In the United States, Generals of the Army Dwight Eisenhower and Douglas MacArthur are among the 10,000 Americans who have received the decoration. In 1949, the Academies of West Point and Annapolis were also decorated. Although it is rare for an ambassador in Paris to be awarded the Légion d'honneur, a posthumous exception was made for the United States ambassador Pamela Harriman in 1997. The last surviving American World War I veteran, Frank Buckles, also received this honor.
In 2004, on the 60th anniversary of D-Day, French president Jacques Chirac saluted the United States for its part in ending World War II by awarding one hundred American veterans with the Legion d'honneur. In 1998, France observed the 80th anniversary of the World War I armistice by awarding Légion d'honneur medals to American veterans of that conflict as well.
Additionally, in the United Kingdom Queen Elizabeth II, Prince Philip and the late Lord Mountbatten have been decorated with the Grand Cross. King Carl XVI Gustaf of Sweden has also been decorated with the Grand Cross.
Australian General Sir John Monash was decorated with the Grand Officer during the First World War and Air Chief Marshal Angus Houston, Chief of the Australian Defence Force, received the degree of Commander in 2007.
Other high level foreigners to be awarded include Vladimir Putin, President of Russia at the time, who received the award in September 2006 and Shimon Peres, President of Israel at the time, who received the award in March 2008.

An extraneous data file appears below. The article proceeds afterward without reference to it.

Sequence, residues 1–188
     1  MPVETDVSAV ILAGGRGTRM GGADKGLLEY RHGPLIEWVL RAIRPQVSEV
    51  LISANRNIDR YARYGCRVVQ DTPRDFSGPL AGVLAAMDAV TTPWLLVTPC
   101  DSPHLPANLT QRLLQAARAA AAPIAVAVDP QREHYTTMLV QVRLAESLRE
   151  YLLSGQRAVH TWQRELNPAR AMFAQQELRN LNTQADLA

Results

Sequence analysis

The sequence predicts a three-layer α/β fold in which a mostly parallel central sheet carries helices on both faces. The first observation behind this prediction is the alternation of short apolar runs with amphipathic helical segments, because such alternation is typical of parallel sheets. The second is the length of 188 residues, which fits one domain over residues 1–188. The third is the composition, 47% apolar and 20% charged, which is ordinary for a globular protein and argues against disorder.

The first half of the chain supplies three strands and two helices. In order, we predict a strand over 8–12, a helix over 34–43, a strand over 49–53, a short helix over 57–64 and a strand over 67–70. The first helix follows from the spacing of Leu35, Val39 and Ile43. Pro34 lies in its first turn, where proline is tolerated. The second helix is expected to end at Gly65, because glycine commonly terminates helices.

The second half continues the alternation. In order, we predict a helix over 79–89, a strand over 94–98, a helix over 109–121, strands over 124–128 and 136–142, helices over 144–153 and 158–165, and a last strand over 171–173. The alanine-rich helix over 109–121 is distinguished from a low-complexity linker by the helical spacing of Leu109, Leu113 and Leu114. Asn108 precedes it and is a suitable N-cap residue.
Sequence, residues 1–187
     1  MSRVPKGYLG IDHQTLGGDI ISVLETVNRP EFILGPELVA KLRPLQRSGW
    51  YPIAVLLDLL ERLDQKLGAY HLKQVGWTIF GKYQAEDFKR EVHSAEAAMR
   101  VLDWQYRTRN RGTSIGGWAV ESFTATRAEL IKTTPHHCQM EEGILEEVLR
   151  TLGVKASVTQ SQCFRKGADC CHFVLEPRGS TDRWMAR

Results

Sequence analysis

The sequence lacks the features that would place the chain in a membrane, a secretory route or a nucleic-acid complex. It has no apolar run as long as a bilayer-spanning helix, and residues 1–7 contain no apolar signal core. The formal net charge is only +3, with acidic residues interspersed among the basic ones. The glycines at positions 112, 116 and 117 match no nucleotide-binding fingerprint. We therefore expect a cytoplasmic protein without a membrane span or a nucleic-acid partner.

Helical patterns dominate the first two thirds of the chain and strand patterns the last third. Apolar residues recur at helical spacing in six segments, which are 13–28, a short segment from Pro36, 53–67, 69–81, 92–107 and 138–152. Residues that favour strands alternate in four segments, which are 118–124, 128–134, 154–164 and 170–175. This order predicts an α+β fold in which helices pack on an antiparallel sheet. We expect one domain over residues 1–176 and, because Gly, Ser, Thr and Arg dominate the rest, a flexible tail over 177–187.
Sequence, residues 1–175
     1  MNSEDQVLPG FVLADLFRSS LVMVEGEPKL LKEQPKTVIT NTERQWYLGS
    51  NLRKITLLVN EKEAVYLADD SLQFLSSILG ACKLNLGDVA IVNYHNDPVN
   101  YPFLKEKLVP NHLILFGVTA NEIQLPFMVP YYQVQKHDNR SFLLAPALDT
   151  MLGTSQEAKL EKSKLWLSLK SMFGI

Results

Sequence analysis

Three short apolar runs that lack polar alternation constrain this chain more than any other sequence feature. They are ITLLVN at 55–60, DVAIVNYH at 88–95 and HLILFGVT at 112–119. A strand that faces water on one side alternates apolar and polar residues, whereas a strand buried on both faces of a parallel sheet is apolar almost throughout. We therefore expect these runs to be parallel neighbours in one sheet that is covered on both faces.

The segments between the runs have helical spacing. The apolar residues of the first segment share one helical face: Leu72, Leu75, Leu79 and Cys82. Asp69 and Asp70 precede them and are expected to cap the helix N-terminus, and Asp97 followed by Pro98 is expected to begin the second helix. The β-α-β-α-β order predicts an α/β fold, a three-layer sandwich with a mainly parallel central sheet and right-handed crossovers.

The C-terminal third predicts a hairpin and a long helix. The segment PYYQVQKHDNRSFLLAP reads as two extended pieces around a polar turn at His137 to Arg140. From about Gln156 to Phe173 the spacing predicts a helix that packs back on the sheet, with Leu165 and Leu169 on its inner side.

The list of recipients is quite diverse, including such names as Mahmoud Hesabi (1903-1992), Iranian scientist, Alexander Graham Bell, Paul Hewson (aka Bono), Fairuz (Arabic: فيروز also spelled Fairouz or Fayrouz) a distinguished Lebanese singer, William Joseph Donovan, KBE United States Army, was an American soldier best remembered as wartime head of the Office of Strategic Services (OSS) and the "father" of today's Central Intelligence Agency (CIA), and Rear Admiral Jules Sébastien César Dumont d'Urville, French explorer and naval officer.
For a complete list of recipients go to French Legion of Honor.
The order has five classes:
The sitting President of the Republic, as grand master of the order, wears the Grand Collar of the Légion, which is presented to him upon his investiture.